1111 E. Airline Hwy, Gramercy, LA 70052
Mineral map


Bauxite is a naturally occurring mineral raw material composed principally of a mixture of one or more of the hydrated aluminum oxide minerals -- gibbsite (Al2O3 • 3H2O), boehmite (Al2O3 • H2O), and diaspore (Al2O3 • H2O). Bauxites also contain impurities of silica, iron oxide, titanium, zinc, and several elements in trace amounts. Bauxite is an end or near-end product of chemical weathering.

Depending on the amount of iron impurity, the color of bauxite varies from dark red and brown to pink to white. Some bauxite is finely divided, free digging earthy material, while most others are dense and rocky requiring explosives in mining. Many gradational forms exist. It is one of the most variable mineral raw materials in chemical composition and physical appearance.

It is generally believed that bauxite deposits resulted from intense chemical weathering of aluminum-bearing rocks or formations under tropical or subtropical conditions with alternating wet and dry seasons. Topographic conditions were favorable for drainage and the in situ accumulation of aluminum, iron, and titanium oxides. There was low to moderate topographic relief with a minimum of erosion during long quiet periods in the earth's history.

The largest known reserves are located in tropical and subtropical areas. The most important use of bauxite is the raw material for the production of aluminum. It is also used in the production of abrasives, refractories, aluminous chemicals and cement, and materials for the purification of some petroleum products.

Jamaican Bauxite

Bauxite map

The Gramercy plant processes bauxite mined on the north coast of Jamaica. Generally, bauxite from this area occurs in limestone sinkholes, some of which have ore over 100 feet thick. The ore is soft and earthy. Overburden consists of one or two feet of soil. Ore bodies are extremely variable in size, ranging from several thousand to several hundreds of thousands of tons.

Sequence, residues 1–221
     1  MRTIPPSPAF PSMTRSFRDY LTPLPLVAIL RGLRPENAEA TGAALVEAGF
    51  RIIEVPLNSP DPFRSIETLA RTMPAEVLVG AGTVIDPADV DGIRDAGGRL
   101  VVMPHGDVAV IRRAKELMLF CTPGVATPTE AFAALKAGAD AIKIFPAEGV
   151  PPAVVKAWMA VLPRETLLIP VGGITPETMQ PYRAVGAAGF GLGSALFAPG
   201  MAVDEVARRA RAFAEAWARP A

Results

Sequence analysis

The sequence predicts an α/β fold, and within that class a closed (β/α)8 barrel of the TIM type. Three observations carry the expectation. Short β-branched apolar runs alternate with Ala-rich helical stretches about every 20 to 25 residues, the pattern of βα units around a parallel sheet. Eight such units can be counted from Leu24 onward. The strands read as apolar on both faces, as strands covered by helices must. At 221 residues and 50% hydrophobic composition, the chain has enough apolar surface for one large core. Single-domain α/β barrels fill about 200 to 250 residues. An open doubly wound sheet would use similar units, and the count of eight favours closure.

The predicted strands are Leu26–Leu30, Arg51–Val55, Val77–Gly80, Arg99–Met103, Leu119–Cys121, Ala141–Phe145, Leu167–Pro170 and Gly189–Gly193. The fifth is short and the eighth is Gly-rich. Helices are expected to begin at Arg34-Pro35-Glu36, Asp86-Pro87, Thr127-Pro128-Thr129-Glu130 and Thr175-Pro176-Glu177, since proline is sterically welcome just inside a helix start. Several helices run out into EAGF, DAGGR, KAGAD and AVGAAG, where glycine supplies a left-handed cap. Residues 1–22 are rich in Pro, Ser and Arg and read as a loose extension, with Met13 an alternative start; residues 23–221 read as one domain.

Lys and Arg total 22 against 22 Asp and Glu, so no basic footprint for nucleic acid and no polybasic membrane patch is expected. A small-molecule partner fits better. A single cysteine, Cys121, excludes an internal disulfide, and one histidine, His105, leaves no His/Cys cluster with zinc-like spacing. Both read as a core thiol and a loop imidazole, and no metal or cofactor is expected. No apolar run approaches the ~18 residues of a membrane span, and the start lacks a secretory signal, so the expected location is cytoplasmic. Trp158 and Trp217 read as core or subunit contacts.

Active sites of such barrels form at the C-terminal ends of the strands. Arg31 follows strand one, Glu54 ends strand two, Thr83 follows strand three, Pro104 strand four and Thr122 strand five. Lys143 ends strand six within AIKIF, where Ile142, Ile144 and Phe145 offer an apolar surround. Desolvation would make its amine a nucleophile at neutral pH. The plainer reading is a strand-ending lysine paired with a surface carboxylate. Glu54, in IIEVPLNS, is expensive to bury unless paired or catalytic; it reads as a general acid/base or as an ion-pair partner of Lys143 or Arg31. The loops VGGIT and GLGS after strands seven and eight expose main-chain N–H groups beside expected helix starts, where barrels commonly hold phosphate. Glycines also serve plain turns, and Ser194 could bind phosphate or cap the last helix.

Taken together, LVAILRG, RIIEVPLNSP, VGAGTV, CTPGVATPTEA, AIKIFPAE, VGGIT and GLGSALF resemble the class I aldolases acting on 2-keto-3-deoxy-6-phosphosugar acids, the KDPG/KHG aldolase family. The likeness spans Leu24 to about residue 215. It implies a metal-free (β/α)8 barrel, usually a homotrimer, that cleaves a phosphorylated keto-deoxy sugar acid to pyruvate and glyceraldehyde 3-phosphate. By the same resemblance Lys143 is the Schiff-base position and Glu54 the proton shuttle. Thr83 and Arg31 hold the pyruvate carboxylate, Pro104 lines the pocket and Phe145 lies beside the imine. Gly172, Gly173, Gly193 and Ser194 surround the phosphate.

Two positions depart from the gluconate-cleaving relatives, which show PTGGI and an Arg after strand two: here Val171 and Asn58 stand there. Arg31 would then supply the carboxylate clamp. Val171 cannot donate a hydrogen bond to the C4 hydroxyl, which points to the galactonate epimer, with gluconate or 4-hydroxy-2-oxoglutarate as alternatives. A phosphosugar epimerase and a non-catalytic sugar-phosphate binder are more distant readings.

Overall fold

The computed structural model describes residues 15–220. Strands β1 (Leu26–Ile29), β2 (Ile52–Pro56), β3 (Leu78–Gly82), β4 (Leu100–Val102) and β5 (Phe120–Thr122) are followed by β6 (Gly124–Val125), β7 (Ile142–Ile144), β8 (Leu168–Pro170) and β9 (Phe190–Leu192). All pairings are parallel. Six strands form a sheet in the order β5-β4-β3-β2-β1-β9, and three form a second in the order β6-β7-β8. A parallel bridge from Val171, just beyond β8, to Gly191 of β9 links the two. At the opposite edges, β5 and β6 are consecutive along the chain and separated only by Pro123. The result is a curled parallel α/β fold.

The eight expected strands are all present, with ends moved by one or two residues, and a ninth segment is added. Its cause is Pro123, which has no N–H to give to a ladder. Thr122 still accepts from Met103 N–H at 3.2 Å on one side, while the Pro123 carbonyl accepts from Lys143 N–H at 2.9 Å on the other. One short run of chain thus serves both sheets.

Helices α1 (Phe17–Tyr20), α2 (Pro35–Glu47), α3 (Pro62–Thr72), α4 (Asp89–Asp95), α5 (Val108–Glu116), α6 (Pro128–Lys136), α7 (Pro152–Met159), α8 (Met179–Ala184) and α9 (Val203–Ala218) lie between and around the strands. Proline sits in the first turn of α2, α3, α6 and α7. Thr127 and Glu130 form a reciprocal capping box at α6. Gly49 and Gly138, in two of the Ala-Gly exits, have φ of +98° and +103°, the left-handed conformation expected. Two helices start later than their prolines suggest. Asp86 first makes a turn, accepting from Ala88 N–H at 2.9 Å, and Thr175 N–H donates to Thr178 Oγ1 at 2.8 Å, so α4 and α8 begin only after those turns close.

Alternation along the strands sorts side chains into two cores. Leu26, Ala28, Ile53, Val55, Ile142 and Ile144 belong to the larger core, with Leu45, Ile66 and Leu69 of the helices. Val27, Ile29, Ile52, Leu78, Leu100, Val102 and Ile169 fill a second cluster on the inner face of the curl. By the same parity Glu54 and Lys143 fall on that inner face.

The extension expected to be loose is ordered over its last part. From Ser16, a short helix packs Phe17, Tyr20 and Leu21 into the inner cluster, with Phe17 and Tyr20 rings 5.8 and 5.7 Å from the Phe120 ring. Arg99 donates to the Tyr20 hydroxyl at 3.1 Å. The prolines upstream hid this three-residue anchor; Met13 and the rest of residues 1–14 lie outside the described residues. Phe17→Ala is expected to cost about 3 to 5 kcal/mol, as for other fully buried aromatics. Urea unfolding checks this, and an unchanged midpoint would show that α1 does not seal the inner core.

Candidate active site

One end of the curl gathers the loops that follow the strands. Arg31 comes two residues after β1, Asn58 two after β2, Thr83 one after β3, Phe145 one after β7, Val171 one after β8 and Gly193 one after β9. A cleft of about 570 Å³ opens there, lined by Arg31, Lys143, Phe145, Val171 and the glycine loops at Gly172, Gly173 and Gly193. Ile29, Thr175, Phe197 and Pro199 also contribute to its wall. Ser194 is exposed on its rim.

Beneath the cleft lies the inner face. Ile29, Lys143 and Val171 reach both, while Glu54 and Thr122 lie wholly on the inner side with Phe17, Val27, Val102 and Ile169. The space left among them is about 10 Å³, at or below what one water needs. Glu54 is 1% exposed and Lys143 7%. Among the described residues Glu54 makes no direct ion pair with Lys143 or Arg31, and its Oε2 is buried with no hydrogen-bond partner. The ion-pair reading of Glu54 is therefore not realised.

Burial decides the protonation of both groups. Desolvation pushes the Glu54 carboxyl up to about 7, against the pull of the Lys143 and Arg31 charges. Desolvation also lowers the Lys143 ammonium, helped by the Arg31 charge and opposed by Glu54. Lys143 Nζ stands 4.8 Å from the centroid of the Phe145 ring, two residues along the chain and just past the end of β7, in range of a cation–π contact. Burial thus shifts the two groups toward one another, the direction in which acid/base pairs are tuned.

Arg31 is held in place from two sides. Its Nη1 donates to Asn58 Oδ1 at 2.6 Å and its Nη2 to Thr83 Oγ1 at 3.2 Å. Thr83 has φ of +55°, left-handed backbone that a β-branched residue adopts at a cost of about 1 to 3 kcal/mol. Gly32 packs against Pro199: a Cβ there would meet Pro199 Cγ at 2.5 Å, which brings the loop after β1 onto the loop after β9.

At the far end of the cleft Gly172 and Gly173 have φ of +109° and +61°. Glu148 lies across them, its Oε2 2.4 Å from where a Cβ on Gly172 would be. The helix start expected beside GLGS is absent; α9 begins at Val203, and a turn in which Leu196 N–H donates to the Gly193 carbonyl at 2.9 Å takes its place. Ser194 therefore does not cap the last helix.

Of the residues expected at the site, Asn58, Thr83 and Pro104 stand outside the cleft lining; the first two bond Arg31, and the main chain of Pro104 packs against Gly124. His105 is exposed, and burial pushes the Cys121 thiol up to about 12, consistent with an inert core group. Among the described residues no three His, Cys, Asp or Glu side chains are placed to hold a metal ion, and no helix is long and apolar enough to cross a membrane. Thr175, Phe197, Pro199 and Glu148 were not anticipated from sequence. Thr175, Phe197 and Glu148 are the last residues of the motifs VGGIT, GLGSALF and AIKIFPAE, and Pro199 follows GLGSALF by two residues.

The bauxite is mined with draglines, power shovels, backhoes, or scrapers, the selection of which depends on size and configuration of the deposit and the operator's equipment preferences. At the North Coast operation, the bauxite is partly dried and stored under cover prior to shipment to Gramercy. Mined-out areas are rehabilitated by shaping up the limestone footwall and replacing previously stockpiled soil overburden.

Currently, the bauxite usage at Gramercy is about 2.35 dry tons of bauxite per ton of alumina produced. At an annual production rate of 1.2 million tons of alumina, 2.8 million tons of dry bauxite will be required; however, this tonnage will vary as bauxite quality varies.

Caustic Soda

Caustic Soda

In the nearly 170 years since aluminum was first isolated by Oersted, the metal has grown from a laboratory curiosity to a position of major importance in the world's commerce. In terms of annual production rates, aluminum is first among non-ferrous metals.

Oersted's discovery, the reduction of aluminum chloride with potassium amalgam, was improved on by St. Claire Deville. Deville's sodium amalgam reduction of aluminum chloride led to the commercial production of aluminum in France in 1855. In 1866, Charles M. Hall (USA) and Paul T. Heroult (France) each invented a process for the production of aluminum by the electrolysis of alumina dissolved in molten cryolite.